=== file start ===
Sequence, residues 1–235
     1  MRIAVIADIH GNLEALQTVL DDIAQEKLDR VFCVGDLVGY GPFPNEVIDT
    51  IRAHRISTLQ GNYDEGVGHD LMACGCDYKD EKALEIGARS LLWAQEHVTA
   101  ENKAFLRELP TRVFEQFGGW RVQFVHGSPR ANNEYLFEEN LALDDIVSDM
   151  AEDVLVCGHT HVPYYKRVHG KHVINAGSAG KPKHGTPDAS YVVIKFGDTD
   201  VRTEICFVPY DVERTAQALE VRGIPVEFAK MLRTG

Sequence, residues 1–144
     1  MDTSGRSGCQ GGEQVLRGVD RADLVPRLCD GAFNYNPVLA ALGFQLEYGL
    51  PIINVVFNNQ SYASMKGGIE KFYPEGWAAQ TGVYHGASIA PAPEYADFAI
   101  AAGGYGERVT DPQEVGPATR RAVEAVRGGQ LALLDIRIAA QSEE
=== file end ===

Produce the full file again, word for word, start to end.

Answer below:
Sequence, residues 1–235
     1  MRIAVIADIH GNLEALQTVL DDIAQEKLDR VFCVGDLVGY GPFPNEVIDT
    51  IRAHRISTLQ GNYDEGVGHD LMACGCDYKD EKALEIGARS LLWAQEHVTA
   101  ENKAFLRELP TRVFEQFGGW RVQFVHGSPR ANNEYLFEEN LALDDIVSDM
   151  AEDVLVCGHT HVPYYKRVHG KHVINAGSAG KPKHGTPDAS YVVIKFGDTD
   201  VRTEICFVPY DVERTAQALE VRGIPVEFAK MLRTG

Sequence, residues 1–144
     1  MDTSGRSGCQ GGEQVLRGVD RADLVPRLCD GAFNYNPVLA ALGFQLEYGL
    51  PIINVVFNNQ SYASMKGGIE KFYPEGWAAQ TGVYHGASIA PAPEYADFAI
   101  AAGGYGERVT DPQEVGPATR RAVEAVRGGQ LALLDIRIAA QSEE